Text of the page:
THE haloes of popular household names such as Apple and Google are slipping, as even their devotees begin to realise that the refusal of these multi-billionaire corporations to pay any significant amount of tax in the countries where they make their profits is seriously damaging to those host communities.
Both Apple and Google have enjoyed cult status among their customers: both were seen as “cool” by youngsters whose online experience their high-tech innovations facilitated; their laid-back image of “geeks” in baseball caps and hoodies seemed to differentiate them culturally from the rest of the capitalist system. That indulgent view may not prevail for much longer: both corporations have been severely discredited by exposure of their tax avoidance record.
That record is not edifying. Last week, a US senator denounced Apple, citing its Irish-based subsidiary as having paid tax amounting to five hundredths of 1 per cent (0.05%) on income of $74 billion (£50bn) over the past four years. In Britain, Google was similarly attacked by Labour leader Ed Miliband for making billions of pounds in the UK but paying “a fraction of 1 per cent in tax”. That outburst, at an event organised by Google in England, clearly signalled that corporate tax avoidance is now very high up the political agenda. Despite public outrage, governments were less concerned about bankers’ bonuses since they did not affect tax take. But corporate tax avoidance infuriates governments because it has a significant adverse effect on their revenues. In this instance, government anger is leading public opinion. In these times of austerity it will not be difficult to arouse customers’ indignation against huge corporations that have put themselves above the tax system. If Jock Tamson must scrupulously declare every penny he earns and pay tax, why should corporate tax-dodgers get away with it?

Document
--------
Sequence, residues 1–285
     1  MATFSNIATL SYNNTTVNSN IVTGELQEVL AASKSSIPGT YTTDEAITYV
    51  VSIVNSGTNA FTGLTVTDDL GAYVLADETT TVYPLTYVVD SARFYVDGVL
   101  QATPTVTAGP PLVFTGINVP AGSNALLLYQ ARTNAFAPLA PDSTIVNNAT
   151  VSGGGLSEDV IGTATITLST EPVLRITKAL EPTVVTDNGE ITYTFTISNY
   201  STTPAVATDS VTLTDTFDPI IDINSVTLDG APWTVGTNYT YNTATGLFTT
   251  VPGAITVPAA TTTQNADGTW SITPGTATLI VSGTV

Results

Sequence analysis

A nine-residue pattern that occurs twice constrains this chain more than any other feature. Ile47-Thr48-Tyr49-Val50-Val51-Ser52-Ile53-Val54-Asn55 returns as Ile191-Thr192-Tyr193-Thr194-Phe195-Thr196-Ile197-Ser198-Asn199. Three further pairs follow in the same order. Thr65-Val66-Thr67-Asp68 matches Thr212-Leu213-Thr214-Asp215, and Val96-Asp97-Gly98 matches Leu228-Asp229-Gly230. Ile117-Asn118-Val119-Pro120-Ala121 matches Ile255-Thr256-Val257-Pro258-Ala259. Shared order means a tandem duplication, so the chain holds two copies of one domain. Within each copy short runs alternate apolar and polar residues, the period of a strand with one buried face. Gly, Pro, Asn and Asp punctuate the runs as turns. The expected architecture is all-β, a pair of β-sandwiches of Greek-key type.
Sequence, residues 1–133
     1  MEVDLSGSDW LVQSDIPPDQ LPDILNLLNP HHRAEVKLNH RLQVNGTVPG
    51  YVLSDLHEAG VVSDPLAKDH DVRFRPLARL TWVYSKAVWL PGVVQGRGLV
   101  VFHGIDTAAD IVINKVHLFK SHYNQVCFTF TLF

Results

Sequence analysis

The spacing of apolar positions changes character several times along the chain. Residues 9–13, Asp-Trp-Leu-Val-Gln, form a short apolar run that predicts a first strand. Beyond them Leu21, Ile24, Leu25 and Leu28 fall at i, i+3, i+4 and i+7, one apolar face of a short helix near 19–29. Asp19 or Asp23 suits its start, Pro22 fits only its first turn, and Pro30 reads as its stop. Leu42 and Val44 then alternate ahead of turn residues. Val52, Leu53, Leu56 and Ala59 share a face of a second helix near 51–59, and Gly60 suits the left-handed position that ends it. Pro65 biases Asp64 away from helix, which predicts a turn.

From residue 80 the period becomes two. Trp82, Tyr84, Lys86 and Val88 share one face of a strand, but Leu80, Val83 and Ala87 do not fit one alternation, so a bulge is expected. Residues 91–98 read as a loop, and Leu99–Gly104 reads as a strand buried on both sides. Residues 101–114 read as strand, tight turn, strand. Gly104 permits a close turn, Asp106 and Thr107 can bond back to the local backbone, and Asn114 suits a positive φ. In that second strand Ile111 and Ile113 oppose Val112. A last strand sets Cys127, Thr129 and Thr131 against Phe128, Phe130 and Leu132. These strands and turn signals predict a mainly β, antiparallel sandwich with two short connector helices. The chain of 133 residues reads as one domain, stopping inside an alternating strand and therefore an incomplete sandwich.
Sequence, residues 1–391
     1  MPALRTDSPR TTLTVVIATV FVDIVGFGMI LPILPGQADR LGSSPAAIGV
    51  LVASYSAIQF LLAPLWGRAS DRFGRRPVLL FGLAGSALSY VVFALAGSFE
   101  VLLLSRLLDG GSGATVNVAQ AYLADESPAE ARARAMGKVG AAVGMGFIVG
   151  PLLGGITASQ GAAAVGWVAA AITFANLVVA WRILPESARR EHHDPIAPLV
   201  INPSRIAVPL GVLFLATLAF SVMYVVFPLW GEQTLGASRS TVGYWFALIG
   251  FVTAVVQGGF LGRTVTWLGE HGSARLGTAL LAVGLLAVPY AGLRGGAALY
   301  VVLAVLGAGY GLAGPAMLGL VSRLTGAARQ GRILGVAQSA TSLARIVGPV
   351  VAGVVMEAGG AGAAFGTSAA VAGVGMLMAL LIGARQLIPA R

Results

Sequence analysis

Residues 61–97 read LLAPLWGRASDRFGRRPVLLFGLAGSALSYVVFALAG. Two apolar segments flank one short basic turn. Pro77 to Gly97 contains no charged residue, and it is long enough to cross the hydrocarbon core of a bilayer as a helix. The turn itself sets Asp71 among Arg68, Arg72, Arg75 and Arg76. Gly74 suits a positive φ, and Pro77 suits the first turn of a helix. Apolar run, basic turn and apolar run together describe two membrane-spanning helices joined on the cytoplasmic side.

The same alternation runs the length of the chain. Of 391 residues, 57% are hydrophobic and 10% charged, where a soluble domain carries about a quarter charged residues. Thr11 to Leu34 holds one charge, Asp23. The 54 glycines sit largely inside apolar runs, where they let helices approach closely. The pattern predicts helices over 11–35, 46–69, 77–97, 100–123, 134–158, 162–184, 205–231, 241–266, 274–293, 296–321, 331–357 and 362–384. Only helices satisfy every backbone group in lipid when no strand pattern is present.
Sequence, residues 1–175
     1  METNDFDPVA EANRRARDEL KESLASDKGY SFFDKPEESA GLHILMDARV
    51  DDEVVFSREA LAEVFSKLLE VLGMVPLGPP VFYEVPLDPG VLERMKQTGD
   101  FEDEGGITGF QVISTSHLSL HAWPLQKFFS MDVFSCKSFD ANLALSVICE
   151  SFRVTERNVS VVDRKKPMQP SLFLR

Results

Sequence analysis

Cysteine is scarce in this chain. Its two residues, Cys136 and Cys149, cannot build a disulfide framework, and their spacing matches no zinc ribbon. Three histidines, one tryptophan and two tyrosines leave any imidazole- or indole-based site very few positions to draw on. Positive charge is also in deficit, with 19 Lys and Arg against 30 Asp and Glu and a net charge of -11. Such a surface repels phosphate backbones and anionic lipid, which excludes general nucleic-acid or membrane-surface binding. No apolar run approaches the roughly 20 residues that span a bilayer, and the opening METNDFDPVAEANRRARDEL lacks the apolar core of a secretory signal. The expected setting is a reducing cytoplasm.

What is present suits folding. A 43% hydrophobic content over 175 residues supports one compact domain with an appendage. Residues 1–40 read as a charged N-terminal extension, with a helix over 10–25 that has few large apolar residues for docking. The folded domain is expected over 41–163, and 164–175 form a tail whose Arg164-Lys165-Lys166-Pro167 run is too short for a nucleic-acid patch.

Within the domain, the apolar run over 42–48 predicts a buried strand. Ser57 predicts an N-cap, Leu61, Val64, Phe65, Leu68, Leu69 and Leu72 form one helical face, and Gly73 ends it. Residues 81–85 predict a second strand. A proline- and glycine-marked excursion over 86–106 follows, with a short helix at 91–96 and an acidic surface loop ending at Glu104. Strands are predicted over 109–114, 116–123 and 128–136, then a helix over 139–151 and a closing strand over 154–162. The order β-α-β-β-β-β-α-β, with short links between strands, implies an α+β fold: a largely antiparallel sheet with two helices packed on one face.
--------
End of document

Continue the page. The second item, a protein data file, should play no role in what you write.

Of course, these companies are doing nothing illegal. Governments draft tax rules and then high-powered accountancy and law firms find loopholes. Corporations have more than 700 tax jurisdictions to choose from; it is arguably an extension of the market principles they apply to all their operations that they should cherry-pick the most advantageous fiscal regimes. But individuals and small businesses cannot do that, so this distorts the market and is morally inequitable. The best answer is transparency.
Forcing a corporation to disclose every deal it has negotiated, every sale it has made and every penny of profit it has generated within a particular country is not rocket science. There is also a widespread perception within the business community that if transparency were enforced corporations would comply; the reputational risk in non-compliance would be too severe.
For Britain the best solution is to pursue the transparency issue via the G8 and G20, beginning at next month’s G8 summit in Northern Ireland. The EU is pressing ahead with regulations to enforce transparency and that is a good thing. The UK, however, should be wary of a more ambitious EU agenda to impose tax harmonisation and promote the proposed Financial Transactions Tax, hugely inimical to Britain’s interests. In any case, corporate tax avoidance is a global problem; attempting to resolve it at European level localises the solution. Any new regime should target the offending corporations and the large accountancy firms that keep them one step ahead. Hard-pressed taxpayers have a legitimate expectation that the fiscal system should be a level playing field. It is the Prime Minister’s responsibility to start the levelling process at next month’s G8.
There was so much of the better side of human nature on display yesterday. In Woolwich, the scene of last Wednesday’s brutal murder of Lee Rigby, a wall of colour blossomed as people, with their floral tributes and heartfelt messages, paid respects to a soldier who died in imaginable circumstances, yards from his home barracks. Hundreds of members of London’s Nigerian community – from which the parents of the two suspects are drawn – made their feelings clear by showing their own solidarity with the vast majority who have condemned the killing by marching through Woolwich streets. The ugly side was there too, in some parts of Britain where the ultra-right-wing and anti-immigrant English Defence League came out to exploit Rigby’s memory for political ends. Sowing the seeds of conflict between multi-racial groups is exactly what the two suspects currently under arrest in hospital would have wanted and the EDL, true to form, duly obliged, stoking up community tensions. If this tragic incident has one lasting legacy then the hope is that it will bring communities together rather then deepen divisions. As Dr Azeem Ibrahim, a Scottish muslim with the perspective of a soldier who has served in the British armed forces, writes today in our The Week section, it will be social integration as much as intelligence gathering that defeats the homegrown terrorism menace.